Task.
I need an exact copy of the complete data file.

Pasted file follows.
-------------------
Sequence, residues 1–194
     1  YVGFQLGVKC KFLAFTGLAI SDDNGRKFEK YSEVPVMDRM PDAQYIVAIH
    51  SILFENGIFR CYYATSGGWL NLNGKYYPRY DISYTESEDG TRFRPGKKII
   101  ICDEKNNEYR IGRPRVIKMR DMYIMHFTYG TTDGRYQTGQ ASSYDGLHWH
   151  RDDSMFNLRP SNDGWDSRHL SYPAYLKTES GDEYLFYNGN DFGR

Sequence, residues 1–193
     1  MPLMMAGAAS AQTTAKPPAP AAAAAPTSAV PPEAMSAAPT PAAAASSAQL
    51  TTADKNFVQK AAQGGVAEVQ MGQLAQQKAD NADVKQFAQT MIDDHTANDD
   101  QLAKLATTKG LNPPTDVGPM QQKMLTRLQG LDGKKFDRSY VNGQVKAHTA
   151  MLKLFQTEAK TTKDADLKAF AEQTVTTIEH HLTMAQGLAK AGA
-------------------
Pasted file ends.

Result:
Sequence, residues 1–194
     1  YVGFQLGVKC KFLAFTGLAI SDDNGRKFEK YSEVPVMDRM PDAQYIVAIH
    51  SILFENGIFR CYYATSGGWL NLNGKYYPRY DISYTESEDG TRFRPGKKII
   101  ICDEKNNEYR IGRPRVIKMR DMYIMHFTYG TTDGRYQTGQ ASSYDGLHWH
   151  RDDSMFNLRP SNDGWDSRHL SYPAYLKTES GDEYLFYNGN DFGR

Sequence, residues 1–193
     1  MPLMMAGAAS AQTTAKPPAP AAAAAPTSAV PPEAMSAAPT PAAAASSAQL
    51  TTADKNFVQK AAQGGVAEVQ MGQLAQQKAD NADVKQFAQT MIDDHTANDD
   101  QLAKLATTKG LNPPTDVGPM QQKMLTRLQG LDGKKFDRSY VNGQVKAHTA
   151  MLKLFQTEAK TTKDADLKAF AEQTVTTIEH HLTMAQGLAK AGA